Game 26: No Robbie

(AP Photo/Gail Burton)

Robinson Cano said after yesterday’s game that he expected to play in tonight’s game despite a bruised left hand, but that won’t be the case. The second baseman is not in the lineup for tonight’s series opener against the Tigers, but hopefully it’s just one of those “give him the extra day just to make sure he’s healthy since it’s only early-May” type deals. The good news is that precautionary x-rays turned up negative, so there’s no (obvious) break. Here’s the starting nine…

Derek Jeter, SS
Curtis Granderson, CF
Mark Teixeira, 1B
Alex Rodriguez, 3B
Nick Swisher, RF
Jorge Posada, DH
Russell Martin, C
Brett Gardner, LF
Eduardo Nunez, 2B

Bartolo Colon, SP

First pitch is scheduled for a little after 7pm ET, and the game can be seen on YES locally and ESPN nationally. Enjoy.

Phil Hughes Update: Hughes had tests performed by the specialist in St. Louis today, but there’s no word on the results just yet. Hopefully after the game or tomorrow.

Talking Baseball with Jonah Keri (and RAB)

Come join Jonah Keri, author of The Extra Two Percent, plus Ben and I for an informal discussion on American League East baseball this Wednesday at Foley’s at 5:30pm. Unfortunately, we have to limit that part of the evening to 30 attendees so only ticket-holders will be able to get in. After the talk, we’ll stick around to watch the Yankees take on the Tigers. Everyone is welcome to join us at Foley’s for that part of the evening. Click here to sign up for the discussion (it’s free!), though there are only a few tickets left.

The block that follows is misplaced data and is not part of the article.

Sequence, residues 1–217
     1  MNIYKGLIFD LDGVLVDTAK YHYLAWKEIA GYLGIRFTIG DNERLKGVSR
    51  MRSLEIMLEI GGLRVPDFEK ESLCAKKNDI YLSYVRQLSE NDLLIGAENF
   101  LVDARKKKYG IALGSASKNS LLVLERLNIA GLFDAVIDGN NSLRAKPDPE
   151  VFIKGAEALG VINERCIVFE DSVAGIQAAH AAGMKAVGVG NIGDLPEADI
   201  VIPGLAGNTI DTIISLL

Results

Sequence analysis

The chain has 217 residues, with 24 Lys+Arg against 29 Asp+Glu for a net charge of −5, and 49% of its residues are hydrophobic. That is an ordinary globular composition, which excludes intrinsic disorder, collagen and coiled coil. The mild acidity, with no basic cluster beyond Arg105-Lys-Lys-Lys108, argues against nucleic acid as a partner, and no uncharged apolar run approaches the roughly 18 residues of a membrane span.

Unfortunately, Jonah won’t have books on hand to sell, but those of you who have already purchased The Extra Two Percent can bring a copy in for him to sign. Jonah will be happy to sell IOUs for signed copies that he will mail to you within the next week. Even if you can’t make it to the discussion, come hang out and watch the game afterwards. We’ll have a blast.

Words With Friends Teammates: Garcia & Nova

Take it away, Joel Sherman

When I was at Yankee Stadium on Saturday, a member of the team told me something I found interesting: After Ivan Nova’s poor relief appearance on April 19 in Toronto, Freddy Garcia pulled the young righty aside. Usually pitchers pair up with the same partner every day to play catch and Garcia and Nova are partners. Garcia asked Nova what pitch he thought was most important to his repertoire. Nova replied his curveball. So Garcia told Nova that the youngster was not working on the pitch enough. So Garcia said this is what would be done moving forward: While the two played catch, Nova would flip 40-plus curveballs. Garcia’s point was that catch is not just about loosening an arm or keeping it fit. The idea is never to do anything without meaning. Garcia wanted Nova to get such a good feel for the curve that he could throw it in any count comfortably.

(snip)

On Sunday against the Blue Jays – the team that crushed him in relief a few weeks earlier – Nova struck out five: The finishing pitches on each were curves and three of those were called third strikes. With runners on in the second, fourth, fifth and sixth, Nova recorded the final out of the inning with his curve.